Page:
Reflections on some cool seabirds
I was supposed to leave Matinicus Rock today, but there are some really large waves crashing against the boat ramp, which would create a very dangerous scenario for the small dory that would be rowing myself and my gear out to the lobster boat that would take Austin And I back to Vinalhaven. The owner of the lobster boat had called us on the radio last night to let us know that he didn’t think he would be able to pick me up. I then called my boss to let him know that I would not be back to work today.
|Frank Mayer and Aspen Ellis weigh and band tern chicks during a tern productivity study on Matinicus Rock|
In case he reads this blog, I was disappointed to not be able to return to work… but secretly, I loved my time on this island so much that I did not want to leave. I had become so connected to the birds I was observing, so wrapped up in their stories; like the tern in nest 5 of my feeding study who would get angry and attack her neighbors, and the group of female eider that were swimming their ducklings in the tidepools in front of my window, and I wanted to stay as long as possible.
|Eider ducklings in tidepools|
I also loved the people I met here. There is a common thread that runs through people who are passionate enough about wildlife and seabirds to spend their summer (or two short weeks in my case) on a remote island like this that enables us to be great friends. Most of the people who I have talked to about my experience at Project Puffin asked if it was difficult being off the grid, or not having a shower, or using a composting toilet. Those seemed to be very minor inconveniences for the amount of good that came out of this experience.
|Razorbills photographed from the researchers' blind|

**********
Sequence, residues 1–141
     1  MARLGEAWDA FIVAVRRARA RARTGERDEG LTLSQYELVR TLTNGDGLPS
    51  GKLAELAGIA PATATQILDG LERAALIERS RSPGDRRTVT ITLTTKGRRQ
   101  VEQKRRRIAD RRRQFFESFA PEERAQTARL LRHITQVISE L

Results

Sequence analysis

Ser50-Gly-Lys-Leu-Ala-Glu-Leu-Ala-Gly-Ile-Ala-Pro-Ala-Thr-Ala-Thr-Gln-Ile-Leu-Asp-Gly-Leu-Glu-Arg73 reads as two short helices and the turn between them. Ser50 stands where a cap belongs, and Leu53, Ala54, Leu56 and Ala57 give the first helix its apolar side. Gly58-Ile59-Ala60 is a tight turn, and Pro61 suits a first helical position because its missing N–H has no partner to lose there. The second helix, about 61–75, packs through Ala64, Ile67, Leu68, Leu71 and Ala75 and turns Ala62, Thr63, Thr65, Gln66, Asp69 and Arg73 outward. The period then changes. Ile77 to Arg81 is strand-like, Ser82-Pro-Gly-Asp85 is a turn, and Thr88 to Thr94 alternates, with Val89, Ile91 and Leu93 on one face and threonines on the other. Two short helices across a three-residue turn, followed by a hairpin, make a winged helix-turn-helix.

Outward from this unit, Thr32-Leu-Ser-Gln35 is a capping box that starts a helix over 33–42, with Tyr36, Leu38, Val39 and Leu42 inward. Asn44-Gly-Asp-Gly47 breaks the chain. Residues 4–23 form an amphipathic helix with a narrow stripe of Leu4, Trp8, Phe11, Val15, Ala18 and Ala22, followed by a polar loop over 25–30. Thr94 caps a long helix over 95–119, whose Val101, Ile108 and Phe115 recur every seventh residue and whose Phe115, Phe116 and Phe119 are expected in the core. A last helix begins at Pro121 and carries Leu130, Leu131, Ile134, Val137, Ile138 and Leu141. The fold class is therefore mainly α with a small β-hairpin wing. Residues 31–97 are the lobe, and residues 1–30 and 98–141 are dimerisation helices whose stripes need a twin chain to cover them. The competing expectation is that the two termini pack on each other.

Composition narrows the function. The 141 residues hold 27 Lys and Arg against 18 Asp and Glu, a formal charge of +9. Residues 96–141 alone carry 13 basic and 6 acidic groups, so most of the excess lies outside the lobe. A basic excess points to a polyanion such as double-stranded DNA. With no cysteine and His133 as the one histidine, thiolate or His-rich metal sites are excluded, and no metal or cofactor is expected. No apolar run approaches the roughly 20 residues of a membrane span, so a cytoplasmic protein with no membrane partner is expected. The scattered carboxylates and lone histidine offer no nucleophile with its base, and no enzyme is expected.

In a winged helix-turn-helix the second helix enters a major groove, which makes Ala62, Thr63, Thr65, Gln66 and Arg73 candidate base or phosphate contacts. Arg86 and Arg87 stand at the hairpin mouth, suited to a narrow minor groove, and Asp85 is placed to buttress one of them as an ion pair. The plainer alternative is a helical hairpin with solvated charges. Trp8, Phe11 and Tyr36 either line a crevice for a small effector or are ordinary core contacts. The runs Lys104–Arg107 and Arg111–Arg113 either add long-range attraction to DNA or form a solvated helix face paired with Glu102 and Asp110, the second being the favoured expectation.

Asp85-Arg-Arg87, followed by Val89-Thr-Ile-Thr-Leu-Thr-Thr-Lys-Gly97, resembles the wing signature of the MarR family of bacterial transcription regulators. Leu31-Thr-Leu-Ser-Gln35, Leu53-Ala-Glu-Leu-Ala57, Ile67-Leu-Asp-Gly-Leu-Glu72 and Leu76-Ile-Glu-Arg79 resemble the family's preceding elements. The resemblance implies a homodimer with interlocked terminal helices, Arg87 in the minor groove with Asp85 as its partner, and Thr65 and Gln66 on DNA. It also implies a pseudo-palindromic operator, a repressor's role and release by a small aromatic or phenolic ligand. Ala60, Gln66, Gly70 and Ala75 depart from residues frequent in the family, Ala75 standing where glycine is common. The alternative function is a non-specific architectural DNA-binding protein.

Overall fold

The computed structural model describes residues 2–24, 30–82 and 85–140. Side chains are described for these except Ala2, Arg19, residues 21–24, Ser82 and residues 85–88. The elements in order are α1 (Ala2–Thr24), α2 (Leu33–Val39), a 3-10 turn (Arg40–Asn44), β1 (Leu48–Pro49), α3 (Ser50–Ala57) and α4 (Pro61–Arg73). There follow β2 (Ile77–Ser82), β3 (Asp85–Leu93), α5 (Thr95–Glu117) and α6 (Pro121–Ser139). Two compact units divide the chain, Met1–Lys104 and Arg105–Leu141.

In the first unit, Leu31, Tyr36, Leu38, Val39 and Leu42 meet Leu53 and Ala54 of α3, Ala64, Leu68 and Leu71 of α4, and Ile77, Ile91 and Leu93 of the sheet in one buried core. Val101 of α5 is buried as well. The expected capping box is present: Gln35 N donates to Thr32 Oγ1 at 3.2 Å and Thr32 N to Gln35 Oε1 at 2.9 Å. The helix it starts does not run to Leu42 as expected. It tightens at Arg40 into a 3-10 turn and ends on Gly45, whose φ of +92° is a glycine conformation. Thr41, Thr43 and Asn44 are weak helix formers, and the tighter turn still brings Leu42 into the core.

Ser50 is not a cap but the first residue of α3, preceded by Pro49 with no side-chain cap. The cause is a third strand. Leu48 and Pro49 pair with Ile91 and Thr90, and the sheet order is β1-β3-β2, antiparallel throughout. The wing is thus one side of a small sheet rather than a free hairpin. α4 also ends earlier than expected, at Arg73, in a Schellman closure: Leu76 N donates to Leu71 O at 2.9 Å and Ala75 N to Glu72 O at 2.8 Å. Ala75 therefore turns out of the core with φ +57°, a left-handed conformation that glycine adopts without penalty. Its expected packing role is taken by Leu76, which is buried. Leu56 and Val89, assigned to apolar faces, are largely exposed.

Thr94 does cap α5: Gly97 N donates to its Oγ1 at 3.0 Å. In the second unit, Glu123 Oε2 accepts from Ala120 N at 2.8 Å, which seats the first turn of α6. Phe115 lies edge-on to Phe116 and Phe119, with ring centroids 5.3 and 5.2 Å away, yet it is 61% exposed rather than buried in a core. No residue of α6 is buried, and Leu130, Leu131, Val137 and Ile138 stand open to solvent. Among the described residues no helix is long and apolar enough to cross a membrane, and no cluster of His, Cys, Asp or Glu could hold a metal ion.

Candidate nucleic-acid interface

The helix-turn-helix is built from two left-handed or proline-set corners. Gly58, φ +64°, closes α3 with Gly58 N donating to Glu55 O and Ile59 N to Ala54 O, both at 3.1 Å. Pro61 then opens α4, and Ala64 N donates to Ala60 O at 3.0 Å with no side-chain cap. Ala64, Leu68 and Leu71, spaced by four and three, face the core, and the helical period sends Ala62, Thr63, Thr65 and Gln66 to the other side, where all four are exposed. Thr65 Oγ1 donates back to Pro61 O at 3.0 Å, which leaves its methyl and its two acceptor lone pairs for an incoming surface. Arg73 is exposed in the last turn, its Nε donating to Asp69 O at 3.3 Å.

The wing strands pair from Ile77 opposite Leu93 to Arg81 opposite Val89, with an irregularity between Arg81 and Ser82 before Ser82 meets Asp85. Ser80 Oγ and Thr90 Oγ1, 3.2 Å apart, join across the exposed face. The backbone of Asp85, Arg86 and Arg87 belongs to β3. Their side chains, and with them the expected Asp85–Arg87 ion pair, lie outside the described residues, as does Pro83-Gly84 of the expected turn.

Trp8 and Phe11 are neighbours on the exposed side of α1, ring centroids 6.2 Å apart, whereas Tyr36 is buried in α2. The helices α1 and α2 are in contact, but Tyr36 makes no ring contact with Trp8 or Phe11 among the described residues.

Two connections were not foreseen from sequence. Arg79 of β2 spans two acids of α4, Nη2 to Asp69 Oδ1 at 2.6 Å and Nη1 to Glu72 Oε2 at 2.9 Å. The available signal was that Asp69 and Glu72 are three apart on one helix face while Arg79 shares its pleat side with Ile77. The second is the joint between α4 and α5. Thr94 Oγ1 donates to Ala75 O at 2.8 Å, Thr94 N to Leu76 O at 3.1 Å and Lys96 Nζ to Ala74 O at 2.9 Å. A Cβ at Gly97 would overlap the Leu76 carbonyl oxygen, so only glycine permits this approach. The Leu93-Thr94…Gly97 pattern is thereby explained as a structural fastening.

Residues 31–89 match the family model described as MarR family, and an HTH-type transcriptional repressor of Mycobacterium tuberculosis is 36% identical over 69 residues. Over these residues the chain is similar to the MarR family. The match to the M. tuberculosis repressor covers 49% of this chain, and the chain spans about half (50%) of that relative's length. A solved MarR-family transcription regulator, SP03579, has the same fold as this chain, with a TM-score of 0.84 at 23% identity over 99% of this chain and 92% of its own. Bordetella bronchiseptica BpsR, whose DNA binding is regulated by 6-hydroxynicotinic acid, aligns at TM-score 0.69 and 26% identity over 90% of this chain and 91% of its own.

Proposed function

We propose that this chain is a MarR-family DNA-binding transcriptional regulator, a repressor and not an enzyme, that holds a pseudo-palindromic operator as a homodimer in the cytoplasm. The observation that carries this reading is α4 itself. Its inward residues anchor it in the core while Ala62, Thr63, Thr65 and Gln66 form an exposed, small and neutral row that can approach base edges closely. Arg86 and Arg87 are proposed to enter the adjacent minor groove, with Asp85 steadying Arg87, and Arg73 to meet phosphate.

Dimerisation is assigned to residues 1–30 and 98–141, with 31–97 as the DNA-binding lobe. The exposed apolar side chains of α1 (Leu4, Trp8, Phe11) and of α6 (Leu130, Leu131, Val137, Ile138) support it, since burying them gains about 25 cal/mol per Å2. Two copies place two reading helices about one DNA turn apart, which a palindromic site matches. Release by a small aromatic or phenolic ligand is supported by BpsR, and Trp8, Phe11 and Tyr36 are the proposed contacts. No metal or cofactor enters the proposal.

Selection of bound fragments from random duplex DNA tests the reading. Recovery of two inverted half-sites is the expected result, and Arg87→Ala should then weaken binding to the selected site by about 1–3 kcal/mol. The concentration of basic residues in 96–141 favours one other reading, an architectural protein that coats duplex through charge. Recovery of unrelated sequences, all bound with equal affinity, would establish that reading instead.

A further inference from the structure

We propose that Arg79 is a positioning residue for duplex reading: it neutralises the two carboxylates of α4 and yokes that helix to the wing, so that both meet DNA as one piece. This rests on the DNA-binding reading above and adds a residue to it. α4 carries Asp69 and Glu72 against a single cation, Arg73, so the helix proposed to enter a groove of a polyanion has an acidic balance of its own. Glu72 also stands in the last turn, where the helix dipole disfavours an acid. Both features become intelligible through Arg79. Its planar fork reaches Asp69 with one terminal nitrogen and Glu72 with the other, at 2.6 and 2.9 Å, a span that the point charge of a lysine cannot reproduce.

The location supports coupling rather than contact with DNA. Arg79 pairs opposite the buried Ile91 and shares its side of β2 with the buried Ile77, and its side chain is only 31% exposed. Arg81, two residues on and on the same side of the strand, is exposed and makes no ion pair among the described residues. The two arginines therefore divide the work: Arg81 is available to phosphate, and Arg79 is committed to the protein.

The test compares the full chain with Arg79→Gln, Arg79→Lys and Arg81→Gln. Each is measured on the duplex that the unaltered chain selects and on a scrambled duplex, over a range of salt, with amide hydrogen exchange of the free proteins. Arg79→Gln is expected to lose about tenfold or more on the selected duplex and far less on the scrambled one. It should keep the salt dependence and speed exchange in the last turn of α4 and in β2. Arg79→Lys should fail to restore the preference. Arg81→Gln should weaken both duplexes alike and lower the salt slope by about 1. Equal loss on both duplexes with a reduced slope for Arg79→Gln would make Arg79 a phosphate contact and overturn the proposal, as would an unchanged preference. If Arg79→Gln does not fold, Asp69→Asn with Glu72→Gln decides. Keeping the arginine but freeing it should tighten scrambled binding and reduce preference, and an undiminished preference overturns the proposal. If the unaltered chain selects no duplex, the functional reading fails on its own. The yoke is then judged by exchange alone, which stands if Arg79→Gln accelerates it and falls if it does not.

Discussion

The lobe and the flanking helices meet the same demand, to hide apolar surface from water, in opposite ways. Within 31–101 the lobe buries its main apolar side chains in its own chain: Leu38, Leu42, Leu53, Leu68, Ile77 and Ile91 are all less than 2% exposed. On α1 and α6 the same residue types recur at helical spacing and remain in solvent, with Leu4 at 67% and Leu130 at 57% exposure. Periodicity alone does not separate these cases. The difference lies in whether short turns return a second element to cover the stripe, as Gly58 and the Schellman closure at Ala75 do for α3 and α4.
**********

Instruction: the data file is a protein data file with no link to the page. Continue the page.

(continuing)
I learned more about seabirds than I had ever known before, and a lot about field work that I had put aside after college, and I am certain that the work we were doing for this project; collecting data that will be used to draw conclusions about the long term population of seabirds, was a far more important use of my time than going to the beach, going out after work, and eating ice cream. So instead of leaving Matinicus rock on June 25, I spent the day checking up on puffin and guillemot nests, doing one more tern feeding study, entering the data from my field notebook into the database, and doing tern productivity.
On June 26, a gray and drizzly day on Matinicus Rock, the lobster boat picked myself and another volunteer up, then went on to pick up Austin at Seal Island and brought us all back to Vinalhaven. We rode the ferry back to Rockland Maine, where we were picked up by Project Puffin staff and brought back to the Audubon base camp. Austin and I then drove back to Boston, after making a stop for ice cream on our way home.
|One last look at Matinicus|
And now, in the beginning of November as I am thinking about my Project Puffin experience this summer, I found an article from the end of August about how seabird populations have been negatively affected by warming ocean temperatures in the Gulf of Maine and subsequent declines in the availability of their preferred food fish. The data from this year indicates a pretty successful breeding season, with 75% of the puffins on Seal Island and 66% of the puffins on Matinicus Rock successfully fledging chicks, which was a lot more than last year’s 10%, but not as much as before 2012, with a 77% success rate for all of the islands. This success rate appears to be directly correlated with the cooler ocean temperatures we experienced this year.
|Razorbill in the early morning light|
Just this month I saw a guillemot from the passenger ferry on my way in to work, (it flew by faster than I could get my camera out), and I have begun to see eider ducks in Boston Harbor. This was a good reminder to me that even here in Boston, we are closer to cool seabirds than you think.
A small taste of what it's like to observe the birds on these remote islands in Maine.
All in all, Maine’s seabirds are important animals to monitor as indicators of global climate change, and as sensitive species who were driven away from Maine by human activities in the 1800’s and early 1900’s, and recently restored and monitored by the Audubon Society and Project Puffin. Their success depends upon a complex web of ecological cause and effect, and on people caring… people like you.
Learn more about Project Puffin and to live a more ocean- and seabird-friendly lifestyle.
Learn more about what Jackie and Austin did while volunteering with Project Puffin: